456 U.S. 461 (1982), 80-6045, Kremer v. Chemical Construction Corp.

Docket Nº:No. 80-6045
Citation:456 U.S. 461, 102 S.Ct. 1883, 72 L.Ed.2d 262
Party Name:Kremer v. Chemical Construction Corp.
Case Date:May 17, 1982
Court:United States Supreme Court
 
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Page 461

456 U.S. 461 (1982)

102 S.Ct. 1883, 72 L.Ed.2d 262

Kremer

v.

Chemical Construction Corp.

No. 80-6045

United States Supreme Court

May 17, 1982

Argued December 7, 1981

CERTIORARI TO THE UNITED STATES COURT OF APPEALS FOR

THE SECOND CIRCUIT

Syllabus

Title 28 U.S.C. § 1738 (as did its predecessors dating back to 1790) requires federal courts to afford the same full faith and credit to state court judgments that would apply in the State's own courts. Petitioner filed an employment discrimination charge with the Equal Employment Opportunity Commission (EEOC) under Title VII of the Civil Rights Act of 1964, and the EEOC, as required by the Act, referred the charge to the New York State Division of Human Rights (NYHRD), the agency charged with enforcing the New York law prohibiting employment discrimination. The NYHRD rejected the claim as meritless, and was [102 S.Ct. 1887] upheld on administrative appeal. The Appellate Division of the New York Supreme Court affirmed. Subsequently, a District Director of the EEOC ruled that there was no reasonable cause to believe that the discrimination charge was true, and issued a right-to-sue letter. Petitioner then brought a Title VII action in Federal District Court. Ultimately, the District Court dismissed the complaint on res judicata grounds, and the Court of Appeals affirmed.

Held: The District Court was required under 28 U.S.C. § 1738 to give preclusive effect to the state court decision upholding the state administrative agency's rejection of the employment discrimination claim. Pp. 466-485.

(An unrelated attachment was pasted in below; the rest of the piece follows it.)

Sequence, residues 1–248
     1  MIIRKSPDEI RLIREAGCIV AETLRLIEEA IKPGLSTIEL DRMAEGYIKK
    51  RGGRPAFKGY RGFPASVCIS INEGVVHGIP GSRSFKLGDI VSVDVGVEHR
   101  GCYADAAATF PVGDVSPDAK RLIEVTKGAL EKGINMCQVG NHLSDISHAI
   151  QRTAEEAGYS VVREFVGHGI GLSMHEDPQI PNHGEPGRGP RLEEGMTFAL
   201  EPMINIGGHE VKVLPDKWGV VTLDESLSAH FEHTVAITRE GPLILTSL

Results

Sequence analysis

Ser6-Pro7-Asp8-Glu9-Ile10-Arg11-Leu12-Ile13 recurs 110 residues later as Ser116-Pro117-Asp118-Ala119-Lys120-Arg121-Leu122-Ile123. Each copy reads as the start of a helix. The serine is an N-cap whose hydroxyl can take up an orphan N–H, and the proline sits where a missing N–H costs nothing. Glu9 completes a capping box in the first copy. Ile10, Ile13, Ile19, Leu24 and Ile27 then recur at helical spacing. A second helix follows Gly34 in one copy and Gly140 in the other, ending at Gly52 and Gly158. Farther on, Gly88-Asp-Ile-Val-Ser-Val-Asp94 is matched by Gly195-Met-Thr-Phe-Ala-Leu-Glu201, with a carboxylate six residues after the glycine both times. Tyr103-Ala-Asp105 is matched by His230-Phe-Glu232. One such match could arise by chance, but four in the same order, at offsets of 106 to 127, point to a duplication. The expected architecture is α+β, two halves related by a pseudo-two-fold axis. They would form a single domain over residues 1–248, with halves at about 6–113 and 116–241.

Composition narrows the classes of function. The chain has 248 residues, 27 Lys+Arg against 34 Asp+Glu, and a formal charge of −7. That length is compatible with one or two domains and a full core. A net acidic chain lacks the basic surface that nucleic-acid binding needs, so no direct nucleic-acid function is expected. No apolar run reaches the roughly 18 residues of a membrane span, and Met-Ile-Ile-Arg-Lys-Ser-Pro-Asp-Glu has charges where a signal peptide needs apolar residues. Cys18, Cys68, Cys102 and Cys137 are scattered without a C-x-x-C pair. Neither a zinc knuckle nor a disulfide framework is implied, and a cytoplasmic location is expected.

(a) Where, under New York law, the New York court's determination precludes petitioner from bringing any other action based on the same grievance in the New York courts, § 1738, by its terms, precludes him from relitigating the same question in federal courts. Pp. 466-467.

(b) There is no "affirmative showing" of a "clear and manifest" legislative purpose in Title VII to deny res judicata or collateral estoppel effect to a state court judgment affirming that an employment discrimination claim is unproved. An exception to § 1738 will not be recognized unless a later statute contains an express or implied partial repeal. Allen v. McCurry, 449 U.S. 90. Here, there is no claim that Title VII expressly repealed § 1738, and no implied repeal is evident from the language, operation, or legislative history of Title VII, there being no manifest incompatibility between Title VII and § 1738. Pp. 468-476.

(c) While initial resort to state administrative remedies does not deprive an individual of a right to a federal trial de novo on a Title VII claim, this does not mean that a prior state court judgment can be disregarded. Alexander v. Gardner-Denver Co., 415 U.S. 36, distinguished.

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The comity and federalism interests embodied in § 1738 are not compromised by the application of res judicata and collateral estoppel in Title VII cases. Rather, to deprive state judgments of finality not only would violate basic tenets of comity and federalism, but also would reduce the incentive for States to work toward effective and meaningful systems prohibiting employment discrimination. Pp. 476-478.

(d) The procedures provided in New York for the determination of employment discrimination claims, complemented by administrative as well as judicial review, offer a full and fair opportunity to litigate the merits, and thus are sufficient under the Due Process Clause of the Fourteenth Amendment. State proceedings need do no more than satisfy the minimum procedural requirements of the Due Process Clause in order to qualify for the full faith and credit guaranteed by federal law. Section 1738 does not allow federal courts to employ their own rules of res judicata in determining the effect of state judgments, but rather goes beyond the common law and commands a federal court to accept the rules chosen by the State from which the judgment is taken. Here, petitioner received all the process that was constitutionally required in rejecting his employment discrimination claim. Pp. 479-485.

623 F.2d 786, affirmed.

WHITE, J., delivered the opinion of the Court, in which BURGER, C.J., and POWELL, REHNQUIST, and O'CONNOR, JJ., joined. BLACKMUN, J., filed a dissenting opinion, in which BRENNAN and MARSHALL, JJ., joined, post, p. 486. STEVENS, J., filed a dissenting opinion, post, p. 508.

WHITE, J., lead opinion

JUSTICE WHITE delivered the opinion of the Court.

As one of its first acts, Congress directed that all United